Caveat: Unlike the previous method, Excel custom number format does not change the original value in a cell, it only changes the visual representation of the value. In the above screenshot, you can see 1³ in cell A2, but the formula bar displays 1, meaning the actual value in the cell is 1. If you reference A2 in formulas, its real value (the number 1) will be used in all calculations.

How to do superscript in Excel with VBA

In case you need to quickly add a certain superscript to the entire column of numbers you can automate the creation of a custom number format with VBA.

Here is a simple one-line macro to add Superscript Two to all selected cells.

Sub SuperscriptTwo()
	Selection.NumberFormat = "0" & Chr(178)
End Sub

To add other superscripts, replace Chr(178) with the corresponding character code:

Superscript One: Chr(185)

Superscript Three: Chr(179)

This macro can also be used to attach the degree sign to the numbers in the selected cells. For this, use Chr(176), and your numbers will get formatted in this way:
Add the degree sign to the numbers with VBA

The step-by-step instructions on how to insert and run VBA code in Excel can be found here. Or, you can download our sample workbook with all superscript macros and open it alongside your own workbook. Then, in your workbook, press Alt + F8, select the desired macro, and click Run.

Super easy way to superscript and subscript in Excel - copy and paste!

Microsoft Excel does not provide shortcuts or character codes to insert superscripted numbers other than 1, 2 or 3. But we know that the impossibility is nothing :) Simply copy the subscripted and superscripted numbers and mathematical symbols from here:

Subscripts: ₀ ₁ ₂ ₃ ₄ ₅ ₆ ₇ ₈ ₉ ₊ ₋ ₌ ₍ ₎

Superscripts: ⁰ ¹ ² ³ ⁴ ⁵ ⁶ ⁷ ⁸ ⁹ ⁺ ⁻ ⁼ ⁽ ⁾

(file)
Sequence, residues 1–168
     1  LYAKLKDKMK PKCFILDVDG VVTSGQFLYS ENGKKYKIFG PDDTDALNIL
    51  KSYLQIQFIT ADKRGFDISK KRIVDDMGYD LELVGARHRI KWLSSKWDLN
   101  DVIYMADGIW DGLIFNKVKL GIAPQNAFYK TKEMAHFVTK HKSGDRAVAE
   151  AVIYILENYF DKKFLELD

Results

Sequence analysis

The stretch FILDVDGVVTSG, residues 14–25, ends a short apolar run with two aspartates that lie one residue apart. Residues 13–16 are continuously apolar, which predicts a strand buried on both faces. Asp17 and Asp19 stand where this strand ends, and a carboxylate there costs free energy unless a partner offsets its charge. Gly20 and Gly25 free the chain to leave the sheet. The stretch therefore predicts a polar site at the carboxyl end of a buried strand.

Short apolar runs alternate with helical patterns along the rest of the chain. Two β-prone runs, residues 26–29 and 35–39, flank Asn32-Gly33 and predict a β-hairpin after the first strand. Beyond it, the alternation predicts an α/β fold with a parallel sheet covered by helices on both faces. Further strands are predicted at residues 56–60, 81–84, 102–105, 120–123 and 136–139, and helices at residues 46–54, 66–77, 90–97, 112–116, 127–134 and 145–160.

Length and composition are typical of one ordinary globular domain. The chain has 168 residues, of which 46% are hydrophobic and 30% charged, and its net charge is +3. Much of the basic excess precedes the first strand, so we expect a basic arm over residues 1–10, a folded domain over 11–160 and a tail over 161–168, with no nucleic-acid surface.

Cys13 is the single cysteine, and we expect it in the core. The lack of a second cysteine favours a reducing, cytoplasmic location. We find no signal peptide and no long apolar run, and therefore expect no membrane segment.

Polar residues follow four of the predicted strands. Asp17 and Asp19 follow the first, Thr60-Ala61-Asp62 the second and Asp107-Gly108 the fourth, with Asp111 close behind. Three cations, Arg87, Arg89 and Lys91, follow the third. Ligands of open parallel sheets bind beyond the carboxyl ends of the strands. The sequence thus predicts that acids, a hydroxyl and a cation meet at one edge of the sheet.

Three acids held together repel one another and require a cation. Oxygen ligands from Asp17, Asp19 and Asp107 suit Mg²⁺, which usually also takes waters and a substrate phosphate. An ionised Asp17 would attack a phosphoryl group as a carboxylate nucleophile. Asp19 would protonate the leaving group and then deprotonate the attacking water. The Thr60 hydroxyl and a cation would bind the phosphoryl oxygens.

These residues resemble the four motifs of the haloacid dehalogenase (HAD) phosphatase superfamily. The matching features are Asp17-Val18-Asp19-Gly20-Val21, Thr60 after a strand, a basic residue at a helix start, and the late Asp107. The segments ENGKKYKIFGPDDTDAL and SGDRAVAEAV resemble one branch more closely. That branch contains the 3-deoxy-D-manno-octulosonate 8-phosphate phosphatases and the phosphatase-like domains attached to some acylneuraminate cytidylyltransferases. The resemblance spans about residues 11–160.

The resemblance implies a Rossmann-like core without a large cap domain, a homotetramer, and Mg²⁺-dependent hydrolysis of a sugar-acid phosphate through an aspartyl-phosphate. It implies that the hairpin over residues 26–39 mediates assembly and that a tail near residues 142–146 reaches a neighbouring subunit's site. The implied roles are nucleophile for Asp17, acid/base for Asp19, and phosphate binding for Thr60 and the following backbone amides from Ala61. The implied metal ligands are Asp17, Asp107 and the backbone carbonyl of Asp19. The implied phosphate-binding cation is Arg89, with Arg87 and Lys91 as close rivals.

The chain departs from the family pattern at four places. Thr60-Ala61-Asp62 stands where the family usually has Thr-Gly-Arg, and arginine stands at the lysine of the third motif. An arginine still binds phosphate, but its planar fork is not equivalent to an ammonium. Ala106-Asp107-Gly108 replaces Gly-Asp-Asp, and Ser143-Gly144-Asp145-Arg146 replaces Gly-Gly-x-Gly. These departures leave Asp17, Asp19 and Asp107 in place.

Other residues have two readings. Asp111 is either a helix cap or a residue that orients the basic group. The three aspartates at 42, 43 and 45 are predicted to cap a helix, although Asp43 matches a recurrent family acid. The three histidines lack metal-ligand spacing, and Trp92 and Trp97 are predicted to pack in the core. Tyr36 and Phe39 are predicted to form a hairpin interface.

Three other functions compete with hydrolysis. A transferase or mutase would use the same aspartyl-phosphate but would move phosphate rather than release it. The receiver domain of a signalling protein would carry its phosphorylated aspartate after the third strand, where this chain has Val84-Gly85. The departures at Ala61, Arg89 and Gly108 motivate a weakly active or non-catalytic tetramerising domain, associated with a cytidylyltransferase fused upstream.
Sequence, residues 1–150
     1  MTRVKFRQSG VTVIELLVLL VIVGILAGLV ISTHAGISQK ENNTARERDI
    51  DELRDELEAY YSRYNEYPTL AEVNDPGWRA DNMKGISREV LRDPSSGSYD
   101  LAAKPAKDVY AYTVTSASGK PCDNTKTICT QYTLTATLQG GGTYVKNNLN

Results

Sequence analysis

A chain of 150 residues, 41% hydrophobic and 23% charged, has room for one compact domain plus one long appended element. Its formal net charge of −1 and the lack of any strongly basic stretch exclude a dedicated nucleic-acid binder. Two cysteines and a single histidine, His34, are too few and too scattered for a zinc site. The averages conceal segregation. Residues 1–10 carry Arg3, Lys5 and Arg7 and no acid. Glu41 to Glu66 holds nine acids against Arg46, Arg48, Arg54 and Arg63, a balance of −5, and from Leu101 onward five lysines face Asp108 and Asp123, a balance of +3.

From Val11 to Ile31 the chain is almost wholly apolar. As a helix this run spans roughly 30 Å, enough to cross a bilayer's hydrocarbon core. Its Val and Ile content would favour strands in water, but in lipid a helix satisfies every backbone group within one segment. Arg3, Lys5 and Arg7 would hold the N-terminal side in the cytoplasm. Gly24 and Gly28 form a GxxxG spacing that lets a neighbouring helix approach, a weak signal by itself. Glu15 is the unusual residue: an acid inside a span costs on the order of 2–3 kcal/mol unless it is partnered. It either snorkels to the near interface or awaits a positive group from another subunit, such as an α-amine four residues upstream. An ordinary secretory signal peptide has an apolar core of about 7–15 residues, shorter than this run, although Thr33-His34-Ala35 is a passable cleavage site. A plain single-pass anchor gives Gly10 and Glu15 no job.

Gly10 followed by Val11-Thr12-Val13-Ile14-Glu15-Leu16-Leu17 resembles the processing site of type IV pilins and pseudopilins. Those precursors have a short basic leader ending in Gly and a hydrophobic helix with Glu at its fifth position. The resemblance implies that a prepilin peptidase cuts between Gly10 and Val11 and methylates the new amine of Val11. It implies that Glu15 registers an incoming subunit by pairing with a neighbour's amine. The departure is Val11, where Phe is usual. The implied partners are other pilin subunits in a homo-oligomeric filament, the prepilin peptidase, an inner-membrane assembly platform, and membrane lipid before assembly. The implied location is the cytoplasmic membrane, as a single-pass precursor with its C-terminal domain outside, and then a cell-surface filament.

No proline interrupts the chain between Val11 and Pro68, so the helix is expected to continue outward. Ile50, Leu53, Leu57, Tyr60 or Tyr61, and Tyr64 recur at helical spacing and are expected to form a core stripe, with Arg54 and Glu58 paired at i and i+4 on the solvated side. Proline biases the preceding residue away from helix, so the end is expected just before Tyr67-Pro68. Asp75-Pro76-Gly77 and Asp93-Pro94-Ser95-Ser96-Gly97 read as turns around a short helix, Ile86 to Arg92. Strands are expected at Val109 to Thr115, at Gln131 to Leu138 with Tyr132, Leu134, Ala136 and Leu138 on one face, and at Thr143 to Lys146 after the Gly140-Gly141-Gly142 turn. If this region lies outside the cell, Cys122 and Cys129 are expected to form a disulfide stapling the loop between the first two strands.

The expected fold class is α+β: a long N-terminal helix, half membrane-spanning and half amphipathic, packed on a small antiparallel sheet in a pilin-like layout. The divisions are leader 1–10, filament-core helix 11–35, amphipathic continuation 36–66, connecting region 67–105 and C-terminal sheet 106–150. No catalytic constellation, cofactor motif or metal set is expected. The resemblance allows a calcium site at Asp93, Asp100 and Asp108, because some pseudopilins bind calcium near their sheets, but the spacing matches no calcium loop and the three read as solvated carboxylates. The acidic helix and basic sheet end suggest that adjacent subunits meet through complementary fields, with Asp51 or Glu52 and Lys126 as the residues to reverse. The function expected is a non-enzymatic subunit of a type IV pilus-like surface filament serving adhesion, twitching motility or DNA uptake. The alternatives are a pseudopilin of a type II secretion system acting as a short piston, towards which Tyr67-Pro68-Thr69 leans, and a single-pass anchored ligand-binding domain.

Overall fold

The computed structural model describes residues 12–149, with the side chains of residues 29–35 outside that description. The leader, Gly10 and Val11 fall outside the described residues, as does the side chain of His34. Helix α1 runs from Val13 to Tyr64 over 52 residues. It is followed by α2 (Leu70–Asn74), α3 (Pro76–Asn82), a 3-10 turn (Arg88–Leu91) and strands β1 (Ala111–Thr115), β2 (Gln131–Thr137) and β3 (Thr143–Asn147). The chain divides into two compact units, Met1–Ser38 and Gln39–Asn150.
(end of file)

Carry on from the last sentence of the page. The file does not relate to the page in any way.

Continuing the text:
Apart from simplicity, this method has one more advantage - it allows you to add subscripts and superscripts to any cell value, text and numbers!

If you need Unicode subscript and superscript letters and symbols, you can copy them from this Wikipedia article.

That's how to use subscript and superscript formats in Excel. I thank you for reading and hope to see you on our blog next week!

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3 Responses to "How to do subscript and superscript in Excel for text and numbers"

  1. tdat says:

    why i could not use CHAR function to generate superscript? When i input formula =A2&Char(185), it always shows Char(185) as empty or blank.

    • Doug says:

      Tdat:
      The character returned is based on the character set used by your computer. Entering A2&CHAR(185) in A3 should add the superscript to the number displayed in A3 to the number displayed in A2.
      You can see the character set you are currently using and change to another set in Win 10 by:
      Open Control Panel, go to Clock, Language, and Region,select Region. Now the Region wizard opens and the Administrative tab is there. You can see your region and language and add a language if needed.
      However, this will change all the characters you use on your computer.

  2. ebrahim says:

    Thanks very Much
    It was very very usefull.